This One Is Special - As Good As It Gets Recipe
This is one of those "good-as-it-gets" recipes if you like fennel as much as I do. In my opinion, fennel and leeks are two of the most underrated vegetables available to home cooks, and when you discover the flavor they add to a recipe, you'll be searching for more ways to use them.
I'm even more surprised my 7-year-old daughter loves slices of raw fennel as her side dish vegetable. On the other hand, if I tried to serve her fennel cooked to bring out the sweetness of the root, she would have nothing to do with it. Strange?
You may also ask yourself, what the heck is Pernod, and where do I find it? I found some in the way, way back of my liquor cabinet, next to some ancient Tia Maria that hasn't seen the light of day since we moved.
What Is Pernod & How Do I Cook With It?
Pernod (pear'-no) is an aniseed-flavored liquor whose taste comes from the star anise spice, similar in flavor to fennel, making them a great one-two combo.
Although made by the same company that once made the infamous hallucinogenic Absinthe, a popular drink with poets, writers, and artists at the turn of the 19th century, today's Pernod does not contain the dangerous toxic oil from wormwood and is excellent as a aperitif or cooking.
Not only is Pernod fantastic for adding flavor to any braised fennel, cabbage, onion, or carrot dishes, but you can also use it for deglazing or adding some to a salad dressing to boost the flavor. Remember, it has an alcohol content of 40%, so be careful when cooking around children.
You should be able to find it in most liquor stores, but you may want to call before shopping for it. And since you will likely only be cooking with it a little, a small bottle should last you a long time.
This recipe was in my May 2007 Fine Cooking and was next to a few other shrimp recipes I can't wait to try. I adapted it some when I made it because I didn't have the full 3 cups of sliced fennel the recipe calls for; my daughter must have been snacking on it.
The recipe came out great, and I can only imagine it would have been better if I used the full 3 cups.
This recipe takes little time to prepare, so it's a great midweek dish. When I prepared this, I didn't have any fresh thyme or parsley and didn't feel like going out to shop, but the outcome was incredible. It could only get better with fresh herbs.
I served it over my oldest daughter's favorite food, Near East Rice Pilaf.
Shrimp with Fennel, Tomato and Pernod Sauce
- I like to buy my frozen shrimp unpeeled, with tails. You can find them already peeled and deveined, but if they are not, you need to peel, devein, rinse, and pat dry.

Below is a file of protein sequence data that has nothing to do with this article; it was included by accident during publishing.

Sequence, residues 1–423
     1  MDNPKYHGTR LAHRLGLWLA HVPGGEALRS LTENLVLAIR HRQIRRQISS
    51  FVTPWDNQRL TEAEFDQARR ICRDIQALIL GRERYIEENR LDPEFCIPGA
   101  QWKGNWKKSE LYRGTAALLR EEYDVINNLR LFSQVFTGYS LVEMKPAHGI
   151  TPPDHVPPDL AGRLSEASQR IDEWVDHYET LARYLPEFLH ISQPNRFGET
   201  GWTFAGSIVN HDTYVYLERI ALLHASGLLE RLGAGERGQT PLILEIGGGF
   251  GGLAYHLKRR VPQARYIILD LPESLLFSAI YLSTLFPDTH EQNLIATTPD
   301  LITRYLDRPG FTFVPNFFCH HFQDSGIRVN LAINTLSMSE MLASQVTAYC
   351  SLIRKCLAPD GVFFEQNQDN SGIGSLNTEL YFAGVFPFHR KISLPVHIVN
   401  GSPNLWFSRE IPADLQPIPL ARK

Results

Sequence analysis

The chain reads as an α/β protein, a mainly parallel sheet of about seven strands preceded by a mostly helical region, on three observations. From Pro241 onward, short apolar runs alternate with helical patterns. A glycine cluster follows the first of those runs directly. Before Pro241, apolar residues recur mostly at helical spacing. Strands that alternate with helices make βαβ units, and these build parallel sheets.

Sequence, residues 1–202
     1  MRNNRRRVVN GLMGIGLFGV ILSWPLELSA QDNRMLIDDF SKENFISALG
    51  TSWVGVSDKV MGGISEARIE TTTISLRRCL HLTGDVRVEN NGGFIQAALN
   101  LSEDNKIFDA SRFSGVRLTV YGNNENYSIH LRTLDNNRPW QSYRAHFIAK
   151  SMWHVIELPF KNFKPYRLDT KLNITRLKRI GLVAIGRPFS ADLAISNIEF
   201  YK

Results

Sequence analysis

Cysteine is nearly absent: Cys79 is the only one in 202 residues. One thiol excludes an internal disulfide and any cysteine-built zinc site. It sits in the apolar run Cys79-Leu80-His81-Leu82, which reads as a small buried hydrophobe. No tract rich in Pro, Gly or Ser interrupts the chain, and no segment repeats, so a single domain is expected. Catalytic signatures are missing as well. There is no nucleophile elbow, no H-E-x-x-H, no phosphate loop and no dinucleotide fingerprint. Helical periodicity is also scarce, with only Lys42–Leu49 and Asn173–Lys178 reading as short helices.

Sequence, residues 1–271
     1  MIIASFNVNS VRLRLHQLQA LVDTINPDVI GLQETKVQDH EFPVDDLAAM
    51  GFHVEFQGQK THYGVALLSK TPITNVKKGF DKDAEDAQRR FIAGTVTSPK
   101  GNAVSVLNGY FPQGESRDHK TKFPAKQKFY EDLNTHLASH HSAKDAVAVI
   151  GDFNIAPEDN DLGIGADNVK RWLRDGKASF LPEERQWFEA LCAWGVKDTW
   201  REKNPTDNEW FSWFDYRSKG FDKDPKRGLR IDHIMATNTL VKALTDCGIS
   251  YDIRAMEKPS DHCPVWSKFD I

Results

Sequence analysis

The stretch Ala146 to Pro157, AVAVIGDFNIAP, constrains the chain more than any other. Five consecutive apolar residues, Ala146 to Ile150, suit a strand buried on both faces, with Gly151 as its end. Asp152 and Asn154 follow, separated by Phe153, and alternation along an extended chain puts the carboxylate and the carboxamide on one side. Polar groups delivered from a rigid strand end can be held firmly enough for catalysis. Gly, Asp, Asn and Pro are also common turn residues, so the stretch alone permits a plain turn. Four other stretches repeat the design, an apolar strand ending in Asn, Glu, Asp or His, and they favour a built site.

- Slice the fennel into very thin slices, much thinner than you'll notice I did in my photograph. What was I thinking?
- Smash your garlic or chop it finely, as well as your fresh herbs.
- Pat the shrimp dry with a paper towel. If you don't, they will steam instead of sauté; we don't want that.
- Season them with some salt and pepper.
- Heat your sauté or frying pan over medium-high heat and add two tablespoons of the oil. You want to get the oil hot but not smoking.
- Add the shrimp in a single layer. Sauté for about 2 minutes, flip, and cook for another minute or two. You want the shrimp brown but not thoroughly cooked through. You will finish cooking them in the sauce.
- Remove the shrimp from the pan and lower the heat to medium.
- Add the remaining two tablespoons of olive oil to the pan along with the fennel and garlic. Season with some salt and sauté until the fennel is golden brown. This should take about 8 minutes.
- Remove the pan from the heat and carefully add the Pernod. The recipe said the Pernod might flame up so I decided to show my oldest daughter what that looked like. I tilted the pan a little over the flame so the Pernod would ignite, and we were all a little surprised by the size of the flame. Luckily, I had the pan cover out and quickly covered the pan and put the flame out. I'm saying this to let you know you must be careful whenever you deglaze a pan with alcohol.
- Once you add the Pernod, put the pan back on the burner and cook until most of the Pernod is evaporated.
- Add the tomatoes with juice, thyme, and half of the parsley. Bring the mixture to a boil, reduce heat to a simmer, and cook for about 3 minutes.
- Add the previously cooked shrimp, stir to coat with sauce, and cook for another minute or two until the shrimp are opaque.
- Let it sit for a minute or two before tasting, and then adjust the seasoning with salt and pepper.
- Serve over rice, pasta, or by itself, sprinkled with the reserved parsley, as my wife likes.
Some of My Favorite Seafood Recipes
- Salmon Curry with Coconut Miso Recipe
- Grilled Salmon Delight: Perfectly Cooked Catch of the Day
- Everything You Need to Know About Ceviche
- Roasted Cod with Potatoes and Fennel Recipe
- Classic Tuna Casserole with Dill Recipe
- Shrimp Sauce Recipe
- Shrimp and Sweet Potato Curry Recipe
- Bacon Wrapped Scallops Over Coconut Curry Lentils Recipe